Submitted to: Biotechnology Letters
Publication Type: Peer reviewed journal
Publication Acceptance Date: 10/10/2000
Publication Date: N/A
Citation: Interpretive Summary: Alfalfa is a perennial legume, which means that it fixes its own nitrogen fertilizer from the atmosphere and only needs to be reseeded every 3-5 years. It produces more protein per acre than any other crop and is known for its good soil and water conservation characteristics. These characteristics make it a highly sustainable and desirable crop that improves yields of other crops grown in rotation with it. Utilization of alfalfa, however, has been limited to ruminant (cattle, sheep, and goats) rations by the high fiber content of the herbage. This limitation can be overcome by a process called wet fractionation, the separation of freshly cut herbage into juice and fiber fractions, each of which can be converted to valuable products. The fiber fraction was converted to sugars by properly selected enzymes. These sugars, in turn, were fermented to industrial chemicals or fuels such as lactic acid or ethanol. It is important to determine the proper mix and quantity of enzymes to convert fibers to sugars and to determine the most appropriate microorganisms to ferment these sugars to the target products(s). Knowledge of the quantity and value of products relative to input costs is necessary to determine economic feasibility. More than 40g of lactic acid was produced per 100g alfalfa fiber processed. The production of chemical feedstocks from renewable biological materials can help to reduce the release of carbon dioxide to the atmosphere, reduce dependence on imported petroleum, as well as providing new jobs in the rural sector.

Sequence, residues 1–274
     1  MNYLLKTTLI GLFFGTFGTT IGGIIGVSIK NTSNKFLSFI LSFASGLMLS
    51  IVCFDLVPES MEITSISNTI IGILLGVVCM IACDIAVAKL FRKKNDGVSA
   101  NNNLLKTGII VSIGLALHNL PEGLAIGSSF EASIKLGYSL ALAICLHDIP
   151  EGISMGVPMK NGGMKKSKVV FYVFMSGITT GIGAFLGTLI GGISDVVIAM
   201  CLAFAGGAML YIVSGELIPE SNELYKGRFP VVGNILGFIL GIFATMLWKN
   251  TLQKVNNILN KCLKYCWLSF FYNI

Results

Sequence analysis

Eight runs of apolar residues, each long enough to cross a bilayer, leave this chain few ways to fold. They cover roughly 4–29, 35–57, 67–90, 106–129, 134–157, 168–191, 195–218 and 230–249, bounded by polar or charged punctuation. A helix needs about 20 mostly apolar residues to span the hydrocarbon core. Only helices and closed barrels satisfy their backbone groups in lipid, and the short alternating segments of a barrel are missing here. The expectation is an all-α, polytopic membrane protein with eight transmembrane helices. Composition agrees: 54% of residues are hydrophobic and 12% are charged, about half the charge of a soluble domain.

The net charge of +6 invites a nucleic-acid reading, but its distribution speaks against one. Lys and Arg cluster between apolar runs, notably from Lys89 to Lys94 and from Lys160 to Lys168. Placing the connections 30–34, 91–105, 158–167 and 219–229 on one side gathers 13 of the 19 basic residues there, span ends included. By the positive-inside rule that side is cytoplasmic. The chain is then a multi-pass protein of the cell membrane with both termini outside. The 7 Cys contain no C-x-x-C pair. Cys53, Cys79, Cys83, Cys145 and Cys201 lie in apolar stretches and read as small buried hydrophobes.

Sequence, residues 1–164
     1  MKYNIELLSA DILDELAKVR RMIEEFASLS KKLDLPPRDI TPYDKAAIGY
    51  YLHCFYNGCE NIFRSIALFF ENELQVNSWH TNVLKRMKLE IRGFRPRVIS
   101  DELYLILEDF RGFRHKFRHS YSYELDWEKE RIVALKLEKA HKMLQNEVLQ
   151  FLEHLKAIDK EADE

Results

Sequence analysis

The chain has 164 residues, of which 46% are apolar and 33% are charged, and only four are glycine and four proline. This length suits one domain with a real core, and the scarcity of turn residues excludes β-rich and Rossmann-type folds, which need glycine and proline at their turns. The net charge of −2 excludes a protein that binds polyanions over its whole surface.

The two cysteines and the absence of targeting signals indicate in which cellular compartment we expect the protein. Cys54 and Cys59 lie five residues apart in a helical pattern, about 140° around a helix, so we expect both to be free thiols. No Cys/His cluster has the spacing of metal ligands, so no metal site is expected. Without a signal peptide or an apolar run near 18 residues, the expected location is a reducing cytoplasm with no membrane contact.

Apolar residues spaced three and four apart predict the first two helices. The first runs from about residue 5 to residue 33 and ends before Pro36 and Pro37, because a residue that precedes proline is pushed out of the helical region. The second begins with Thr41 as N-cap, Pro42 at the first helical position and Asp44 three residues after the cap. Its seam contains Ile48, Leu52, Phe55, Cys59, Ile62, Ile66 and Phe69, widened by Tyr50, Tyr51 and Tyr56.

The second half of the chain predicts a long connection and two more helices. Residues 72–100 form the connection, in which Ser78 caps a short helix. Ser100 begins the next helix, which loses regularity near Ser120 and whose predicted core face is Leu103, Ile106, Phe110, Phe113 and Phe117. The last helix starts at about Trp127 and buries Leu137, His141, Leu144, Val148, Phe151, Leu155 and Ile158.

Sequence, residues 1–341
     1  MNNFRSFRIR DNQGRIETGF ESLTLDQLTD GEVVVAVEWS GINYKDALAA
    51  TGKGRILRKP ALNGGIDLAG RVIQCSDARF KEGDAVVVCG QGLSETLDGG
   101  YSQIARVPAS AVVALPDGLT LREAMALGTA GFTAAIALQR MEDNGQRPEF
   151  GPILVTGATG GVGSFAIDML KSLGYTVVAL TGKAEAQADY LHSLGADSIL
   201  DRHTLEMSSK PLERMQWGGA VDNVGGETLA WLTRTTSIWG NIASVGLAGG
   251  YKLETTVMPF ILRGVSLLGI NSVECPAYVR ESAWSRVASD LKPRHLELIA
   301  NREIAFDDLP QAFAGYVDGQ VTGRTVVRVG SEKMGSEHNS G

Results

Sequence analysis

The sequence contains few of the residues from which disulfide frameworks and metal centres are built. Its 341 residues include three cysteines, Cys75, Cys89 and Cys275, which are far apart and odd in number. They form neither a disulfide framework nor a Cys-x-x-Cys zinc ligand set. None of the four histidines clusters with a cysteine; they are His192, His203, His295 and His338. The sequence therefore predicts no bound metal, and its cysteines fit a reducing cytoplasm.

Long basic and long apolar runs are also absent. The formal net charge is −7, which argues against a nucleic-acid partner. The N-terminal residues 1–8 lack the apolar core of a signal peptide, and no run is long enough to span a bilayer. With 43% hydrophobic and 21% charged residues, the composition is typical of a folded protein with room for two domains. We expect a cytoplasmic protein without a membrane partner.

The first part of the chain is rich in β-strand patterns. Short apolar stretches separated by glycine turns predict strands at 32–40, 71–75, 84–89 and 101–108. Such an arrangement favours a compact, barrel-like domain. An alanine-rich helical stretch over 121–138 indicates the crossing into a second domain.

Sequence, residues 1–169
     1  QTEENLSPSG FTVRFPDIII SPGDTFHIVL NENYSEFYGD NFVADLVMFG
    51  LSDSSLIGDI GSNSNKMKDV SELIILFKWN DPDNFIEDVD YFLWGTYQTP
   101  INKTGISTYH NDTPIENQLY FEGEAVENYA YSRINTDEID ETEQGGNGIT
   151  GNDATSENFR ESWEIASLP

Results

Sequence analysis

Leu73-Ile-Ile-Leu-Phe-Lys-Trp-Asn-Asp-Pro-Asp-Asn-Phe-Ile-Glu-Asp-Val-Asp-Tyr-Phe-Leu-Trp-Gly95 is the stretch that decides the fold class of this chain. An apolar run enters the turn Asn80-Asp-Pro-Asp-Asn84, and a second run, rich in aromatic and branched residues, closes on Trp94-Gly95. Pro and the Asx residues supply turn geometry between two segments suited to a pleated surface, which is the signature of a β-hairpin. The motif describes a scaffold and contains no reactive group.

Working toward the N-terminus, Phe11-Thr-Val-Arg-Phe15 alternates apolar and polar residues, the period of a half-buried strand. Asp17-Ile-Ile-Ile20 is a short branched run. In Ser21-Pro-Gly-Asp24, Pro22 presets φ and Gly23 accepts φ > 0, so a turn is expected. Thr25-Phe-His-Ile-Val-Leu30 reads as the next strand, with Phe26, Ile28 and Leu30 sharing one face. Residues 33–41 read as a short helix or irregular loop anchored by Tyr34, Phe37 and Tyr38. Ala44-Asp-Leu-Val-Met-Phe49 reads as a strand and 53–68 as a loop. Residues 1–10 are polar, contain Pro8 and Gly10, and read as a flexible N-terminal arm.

Technical Abstract: Various agriculture feedstock residues were evaluated for lactic acid production by simultaneous saccharification and fermentation (SSF) using Lactobacillus delbrueckii and Lactobacillus plantarum, without any additional nutrients. Lactic acid production was higher in alfalfa fiber and soya fiber compared to corn cob (soft) and wheat straw. In Lactobacillus plantarum, the amount of lactic acid obtained from alfalfa fiber and soya fiber was 46 and 44/100 g fiber respectively. However, in Lactobacillus delbrueckii, the lactic acid production in soya fiber was 44 g/100 g fiber and that of alfalfa was 32 g/100 g fiber. Small amounts of acetic acid were also produced from SSF of agricultural feedstocks residues. During SSF of alfalfa fiber, lactic acid production in both L. delbrueckii and L. plantarum was enhanced by addition of increased concentrations of mixtures of pectinases and cellulases. Also the lactic acid production from alfalfa fiber did not change with increasing O2 transfer rates in the fermentation medium, whereas acetic acid production in both Lactobacillus cultures increased with increasing O2 transfer rates.